Did the NBA sell its soul?

Have you ever watched a soccer game and said, “God, I just love how those jerseys show off the sponsorship and not the team?” Yeah, me neither.

Do you really want to rock a jersey that has “Jeep” or “Herbalife” in big letters right across the chest? I know I don’t. I’d rather have the team name in the front for everyone to see.

Fingers crossed the NBA doesn’t follow suit of professional soccer, NASCAR, or the WNBA, because starting next season, teams will wear small 2 ½ -by-2 ½ inch patches of a sponsor of each team’s choosing in the upper left corner of the jersey.

Hope you like almonds, Sacramento. (Image source: Twitter)
Hope you like almonds, Sacramento. (Image source: Twitter)

This experiment first took place when the NBA featured a KIA patch to be worn on the 2016 All-Star Game jerseys, the first sponsor other than the league or jersey maker to be seen. I get it – it’s a business, and all businesses need to make money somehow, however, the key here is boundaries.

I hope commissioner Adam Silver does not get carried away here and have jerseys looking like a NASCAR racer’s jumpsuit, covered in sponsorships from head to toe. That would turn the league into a mockery.

Look at soccer and WNBA jerseys – if you’re not the average fan who watches games or follows consistently, you would have no idea who was playing just by looking at the shirt.

As of this week, the Boston Celtics became the third team to finalize a deal for the rights to their jersey. After moving its headquarters from Connecticut to Boston, General Electric will have their logo sewed onto the team’s historic shirts.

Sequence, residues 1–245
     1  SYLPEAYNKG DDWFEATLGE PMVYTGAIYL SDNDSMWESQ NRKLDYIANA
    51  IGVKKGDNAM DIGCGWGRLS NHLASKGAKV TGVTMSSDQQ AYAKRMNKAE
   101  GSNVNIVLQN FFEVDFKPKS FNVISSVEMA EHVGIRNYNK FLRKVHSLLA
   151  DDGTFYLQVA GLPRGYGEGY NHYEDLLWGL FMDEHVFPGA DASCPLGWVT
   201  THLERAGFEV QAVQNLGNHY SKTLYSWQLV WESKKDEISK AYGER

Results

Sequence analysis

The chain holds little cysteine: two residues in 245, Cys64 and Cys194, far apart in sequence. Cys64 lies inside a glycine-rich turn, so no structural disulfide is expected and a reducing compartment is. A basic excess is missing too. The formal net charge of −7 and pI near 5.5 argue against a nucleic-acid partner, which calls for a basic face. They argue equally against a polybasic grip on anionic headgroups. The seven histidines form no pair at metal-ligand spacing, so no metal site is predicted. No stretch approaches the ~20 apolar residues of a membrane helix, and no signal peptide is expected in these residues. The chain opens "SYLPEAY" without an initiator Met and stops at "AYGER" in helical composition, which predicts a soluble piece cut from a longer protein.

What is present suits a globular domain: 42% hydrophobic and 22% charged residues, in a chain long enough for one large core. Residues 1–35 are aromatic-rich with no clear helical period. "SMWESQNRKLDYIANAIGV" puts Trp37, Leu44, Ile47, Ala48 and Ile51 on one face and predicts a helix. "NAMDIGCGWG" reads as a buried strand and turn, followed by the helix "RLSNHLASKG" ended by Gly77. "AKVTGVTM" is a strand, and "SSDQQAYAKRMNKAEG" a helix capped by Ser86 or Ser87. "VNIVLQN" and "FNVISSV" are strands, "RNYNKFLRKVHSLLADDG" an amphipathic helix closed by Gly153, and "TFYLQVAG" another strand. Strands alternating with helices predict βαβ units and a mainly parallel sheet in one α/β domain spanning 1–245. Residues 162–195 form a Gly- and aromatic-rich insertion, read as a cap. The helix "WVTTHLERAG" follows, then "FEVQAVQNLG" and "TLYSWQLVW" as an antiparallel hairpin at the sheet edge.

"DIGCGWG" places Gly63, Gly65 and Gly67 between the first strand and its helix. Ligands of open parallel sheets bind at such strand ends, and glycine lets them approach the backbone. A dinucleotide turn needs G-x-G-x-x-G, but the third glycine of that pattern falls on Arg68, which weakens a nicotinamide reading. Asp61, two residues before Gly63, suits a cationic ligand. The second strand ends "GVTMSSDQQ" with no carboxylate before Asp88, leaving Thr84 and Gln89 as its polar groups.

The other two teams in the NBA with deals inked are the Philadelphia 76ers with StubHub and the Sacramento Kings with Blue Diamond Almonds. While the Kings and 76ers deals were said to be worth around $5 million respectively, the Golden State Warriors seem to be in la la land on how much they’re worth because we have the actual list:

Apparently, Golden State thinks the rights to their jerseys are valued anywhere from $15 to 20 million per year. If that’s their price, what will the Cleveland Cavaliers or the Los Angeles Lakers/Clippers deal be? I mean, the Cavs have LeBron James, the Lakers are, well, the Lakers, and the Clippers have an owner, Steve Ballmer, who paid an absurd $2.2 billion for his team.

Teams are allowed to sell the logo spot to only one company and for a short period of time, three years, as this new money making experiment is in its beta testing phase.

Now, if you’re like me, who is appalled by these new patches, don’t worry, you can still buy your favorite team or player’s jersey without it. The official NBA Store and website will continue to sell the jerseys without the patch, but if you want to rock the new look then you can buy those at the respective arenas.